C.K. won an Emmy for outstanding writing in a comedy series for an episode on his FX show Louie. In 2011, C.K. told Fresh Air about making his comedy special and his relationship with other comedians.
Originally broadcast Dec. 13, 2011.
Paul won the Emmy for outstanding supporting actor in a drama series for playing student-turned-drug dealer Jesse Pinkman. In 2011, he said his character was supposed to die in the first season.
Originally broadcast Sept. 19, 2011.
Silverman won the Emmy for best writing for a variety special for her HBO special We Are Miracles. In 2005, she spoke with Fresh Air about her movie based on her acts in New York and Los Angeles.
Originally broadcast Nov. 09, 2005.
Aimee Mann and Ted Leo's latest video as The Both, for the song "Volunteers Of America," is part playful comedy, part wistful love story. The two join a cast of friends and family for an outdoor wedding, where a man and woman in their sunset years renew their vows, before the group breaks into an all-night party. It's a simple but affecting story the celebrates the mysterious human experience.
The video, directed by Daniel Ralston, also features cameos from musicians Susanna Hoffs (The Bangles) and London May (Samhain), who play in the wedding band. Veteran actor Russ Tamblyn, known for his roles in West Side Story, Twin Peaks and more recently the film Drive, plays the part of the groom. The video was shot at Frank Sinatra's former house. Aimee Mann and Ted Leo also don wigs to play dual roles as their alter egos, aunt Connie and Ed Leo.
"'Volunteers of America' is my favorite song of the year," director Ralston told us via email. "When I hear it I picture people jumping around and having fun, maybe in a bouncy castle. Aimee gets to cut loose a little form her usual 'straight person' role in funny videos and Ted got to play Ed Leo, a character we came up with together."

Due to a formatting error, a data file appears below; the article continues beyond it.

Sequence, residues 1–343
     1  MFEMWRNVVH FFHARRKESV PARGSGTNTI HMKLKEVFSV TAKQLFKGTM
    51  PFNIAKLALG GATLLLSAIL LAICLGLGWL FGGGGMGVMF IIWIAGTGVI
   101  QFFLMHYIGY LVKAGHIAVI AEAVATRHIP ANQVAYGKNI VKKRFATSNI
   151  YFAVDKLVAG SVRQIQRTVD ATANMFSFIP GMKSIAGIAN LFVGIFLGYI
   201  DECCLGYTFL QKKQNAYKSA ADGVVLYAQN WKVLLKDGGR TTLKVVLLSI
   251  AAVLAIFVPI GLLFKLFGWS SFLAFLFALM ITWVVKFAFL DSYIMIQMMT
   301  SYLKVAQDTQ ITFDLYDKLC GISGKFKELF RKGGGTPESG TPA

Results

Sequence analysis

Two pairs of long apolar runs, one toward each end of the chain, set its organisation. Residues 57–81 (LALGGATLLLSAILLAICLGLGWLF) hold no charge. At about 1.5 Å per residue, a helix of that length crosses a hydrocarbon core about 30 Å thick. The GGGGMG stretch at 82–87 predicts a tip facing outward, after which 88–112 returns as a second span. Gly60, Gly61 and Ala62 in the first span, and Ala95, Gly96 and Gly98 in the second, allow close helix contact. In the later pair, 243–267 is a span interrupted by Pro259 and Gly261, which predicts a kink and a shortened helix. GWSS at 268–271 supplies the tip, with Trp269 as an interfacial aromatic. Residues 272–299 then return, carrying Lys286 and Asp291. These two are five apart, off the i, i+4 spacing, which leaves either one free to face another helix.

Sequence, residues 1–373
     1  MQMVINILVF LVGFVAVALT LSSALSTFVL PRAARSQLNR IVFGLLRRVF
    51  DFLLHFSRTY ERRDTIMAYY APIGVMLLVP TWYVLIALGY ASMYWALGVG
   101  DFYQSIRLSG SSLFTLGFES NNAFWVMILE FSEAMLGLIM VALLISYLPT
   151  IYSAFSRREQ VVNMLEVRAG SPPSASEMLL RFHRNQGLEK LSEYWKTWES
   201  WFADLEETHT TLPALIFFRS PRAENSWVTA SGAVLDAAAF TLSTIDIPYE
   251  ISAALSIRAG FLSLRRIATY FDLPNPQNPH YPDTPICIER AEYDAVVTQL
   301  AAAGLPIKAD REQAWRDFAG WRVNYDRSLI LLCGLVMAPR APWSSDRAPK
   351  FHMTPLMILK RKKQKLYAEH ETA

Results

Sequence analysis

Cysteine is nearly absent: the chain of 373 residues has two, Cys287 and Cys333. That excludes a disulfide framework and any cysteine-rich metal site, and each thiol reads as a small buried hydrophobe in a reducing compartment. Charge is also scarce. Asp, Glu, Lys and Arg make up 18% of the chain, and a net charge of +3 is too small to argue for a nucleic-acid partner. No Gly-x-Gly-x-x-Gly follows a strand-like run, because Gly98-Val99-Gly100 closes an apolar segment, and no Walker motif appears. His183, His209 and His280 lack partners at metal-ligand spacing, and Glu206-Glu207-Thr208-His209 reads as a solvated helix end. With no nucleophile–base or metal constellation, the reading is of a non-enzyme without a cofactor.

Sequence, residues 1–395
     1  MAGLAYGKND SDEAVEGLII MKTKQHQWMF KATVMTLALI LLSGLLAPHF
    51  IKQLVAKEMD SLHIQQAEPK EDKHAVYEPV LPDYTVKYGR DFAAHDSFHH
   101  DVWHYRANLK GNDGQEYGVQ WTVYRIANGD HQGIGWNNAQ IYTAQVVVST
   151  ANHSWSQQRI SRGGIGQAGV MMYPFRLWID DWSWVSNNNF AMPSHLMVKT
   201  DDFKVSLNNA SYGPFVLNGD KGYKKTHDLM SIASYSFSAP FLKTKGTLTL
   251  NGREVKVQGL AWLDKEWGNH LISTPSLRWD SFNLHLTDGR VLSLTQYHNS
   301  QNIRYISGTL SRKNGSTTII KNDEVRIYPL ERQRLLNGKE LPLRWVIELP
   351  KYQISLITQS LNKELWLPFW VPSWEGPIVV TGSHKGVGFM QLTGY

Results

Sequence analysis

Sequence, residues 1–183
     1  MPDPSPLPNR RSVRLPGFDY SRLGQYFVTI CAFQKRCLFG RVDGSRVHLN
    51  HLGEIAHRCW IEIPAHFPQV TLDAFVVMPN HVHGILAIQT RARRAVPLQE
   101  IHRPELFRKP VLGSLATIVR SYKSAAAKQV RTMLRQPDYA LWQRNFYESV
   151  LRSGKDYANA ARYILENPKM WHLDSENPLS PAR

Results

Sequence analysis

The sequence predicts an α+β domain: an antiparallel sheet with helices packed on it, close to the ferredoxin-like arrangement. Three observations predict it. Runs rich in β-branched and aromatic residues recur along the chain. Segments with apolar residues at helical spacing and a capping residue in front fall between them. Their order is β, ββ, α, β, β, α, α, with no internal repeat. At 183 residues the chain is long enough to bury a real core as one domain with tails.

"Volunteers Of America" is from The Both's debut, self-titled album.
Some semblance of normal life returned to Gaza on Wednesday.
The day after Hamas and Israel accepted an open-ended cease-fire, Palestinians returned to their homes, markets opened and bulldozers began clearing the rubble while in Israel, the sirens warning of rockets fell silent.
Naturally, the Palestinians, Israelis and the world started looking toward the future and began asking a tough question: What's next?
"The agreement, brokered by Egypt, calls for Israel to allow humanitarian aid and building materials through the border crossings it controls into Gaza. But it remained unclear who would oversee the reconstruction effort and monitor imported cement and concrete to allay Israeli concerns that it be used only for civilian purposes.
"Discussion of the broader Israeli-Palestinian conflict, along with demands by Hamas, the Islamist faction that dominates Gaza, for a seaport and airport in Gaza — and by Israel for the demilitarization of the territory — were put off for up to a month.
"'I don't think that any declaration here is important, who won what,' Yaakov Amidror, a former Israeli national security adviser, told reporters in an afternoon conference call Wednesday. 'What's important is what will happen in the future.'"
More immediately, Reuters reports that the truce has already started having an impact on the ground. Egypt, for example, eased restrictions at the Rafah border crossing with Gaza. It allowed a shipment of 25,000 food parcels from the World Food Program to enter Gaza for the first time 2007.
Al Jazeera's Jane Ferguson tweeted that for the first time in a while in Gaza, "you can feel relief in the air."
Still, one thing most people will agree on is that all of the big issues that led to this conflict remain unresolved.
In today's opinion page, the Israeli newspaper Haaretz took shots at both sides, saying both committed war crimes in this conflict. What this war should teach the world is that a long-term peace cannot be accomplished through military might, it said. A long-lasting peace will come only through sincere negotiations.
"Over the last 50 days, cemeteries filled with bodies and hospitals overflowed with wounded. Rubble piled up and hatred and fear overflowed their banks on both sides. But this cloud could yet have a silver lining: Perhaps Israel, for the first time in its history, will fundamentally change its approach.
"It sounds ridiculous now. But how is it possible to end this cursed war without at least envisioning hope?"